Language: includes the way an author phrases his or her sentences, the key metaphors used (its up
to you to explain how these metaphors are used, why these metaphors are appropriate, effective,
ineffective, or ambiguous). Is the way a sentence is phrased particularly revealing of the authors
meaning?
Please title your paper and make the title apt and enticing--I LOVE a good title. It puts me in a good
mood before I start reading.
Be clear about whether youre writing about a book, an essay (non-fiction, short prose), a story
(short fiction) a poem, a novel (book-length fiction), an autobiography, a narrative (as in Captivity
Narratives) etc. Walden is a book comprised of chapters. Each of these chapters could also be called
an essay. Within these essays, Thoreau sometimes tells stories. The book itself is not a story, but
closer to a narrative, which is non-fiction.
Always go through at least two drafts of you paper. Let your paper sit, preferably for 24 hours
between drafts sometime during the process of your writing.
Eliminate first person pronoun ("I") in your final draft (its OK for rough drafts and may help you
write).
If your paragraphs are more a full page or more in length it is more than likely that they are too long.
Probably you have too many ideas "in the air" at once. Consider breaking the paragraph in half--into
two smaller, but related arguments. Your reader needs a break, needs more structure in order to be
able to follow your meaning.
If several of your paragraphs are exceedingly short (4-5 lines), it is likely that you are not developing
your ideas thoroughly enough--that you are writing notes rather than analysis. Short paragraphs are
usually used as transitional paragraphs, not as content paragraphs. (Short paragraphs can be used in
the rhetorical devise of reversal where you lead your reader down a certain path (to show them one
side of the argument, the one you are going to oppose) and then turn away from that argument to
state the true argument of your paper.)
Employ quotation often. One quotation per argumentative paragraph is usually necessary. Depending
upon the length and complexity of the passage or topic you're dealing with, more quotations may be
useful to prevent you from getting too far away from the text. Your quotations combined with your
interpretations are your proof. Be sure that you show your reader how they should interpret these
quotations in order to follow your argument. (Almost every quotation should be followed by an
interpretation, a deeper reading of what is being said and how its being said. This interpretation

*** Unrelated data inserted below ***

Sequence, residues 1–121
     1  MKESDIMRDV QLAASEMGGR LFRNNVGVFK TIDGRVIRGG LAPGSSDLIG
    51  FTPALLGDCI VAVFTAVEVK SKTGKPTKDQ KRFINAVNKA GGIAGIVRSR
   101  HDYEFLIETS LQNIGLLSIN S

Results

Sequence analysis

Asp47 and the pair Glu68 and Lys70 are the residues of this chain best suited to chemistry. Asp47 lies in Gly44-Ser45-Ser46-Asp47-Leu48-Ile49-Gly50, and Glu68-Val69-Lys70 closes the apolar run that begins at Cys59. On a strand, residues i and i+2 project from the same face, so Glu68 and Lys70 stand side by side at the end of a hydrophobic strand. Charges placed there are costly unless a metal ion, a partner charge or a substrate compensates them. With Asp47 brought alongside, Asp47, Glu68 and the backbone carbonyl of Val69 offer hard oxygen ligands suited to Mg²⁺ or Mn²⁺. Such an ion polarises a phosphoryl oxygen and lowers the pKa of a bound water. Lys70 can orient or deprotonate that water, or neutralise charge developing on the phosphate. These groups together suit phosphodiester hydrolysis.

demonstrates how the quotation supports the claim you're making about it). Pay attention to
metaphor, phrasing, tone, alliteration, etc. How is the author saying what they are saying--what does
that teach us about the text?

Remember to write directive (sometimes called "topic") sentences for your paragraphs. The first
sentence of any paragraph should give your reader an idea of what the paragraph is going to say and
how the paragraph will connect to the larger argument. It should have more to do with what you have
to say about the materials than what the author him or herself has said.
Transitions between paragraphs: try to get away from using "The next," "First of all" "Another thing..."
to connect your paragraphs. This is the "list" method of structuring a paper--not an integrated, logical
approach. A really strong transition makes the logical connection between paragraphs or sections of a
paper and gives the reader a sense that youre building an argument. To make sure you are making a
well-connected argument, ask yourself how the last sentence of each paragraph and the first sentence
of the next are connected. Each of the sentences within your paragraphs should be related somehow
(follow from, refer to, etc.) the one that precedes it, and the one which follows it. This will help the
reader follow the flow of your ideas. The order of your paragraphs should reveal a developing
argument.
On the most basic level, you should be able to consciously justify the presence and
placement of every word in every sentence, every sentence in every paragraph, every
paragraph in every essay. To repeat: in revising your papers after the first draft (which is
always, inevitably to some degree confused because you are involved in the process of
working your ideas out), you should be highly conscious of what you are doing and why
you are doing it.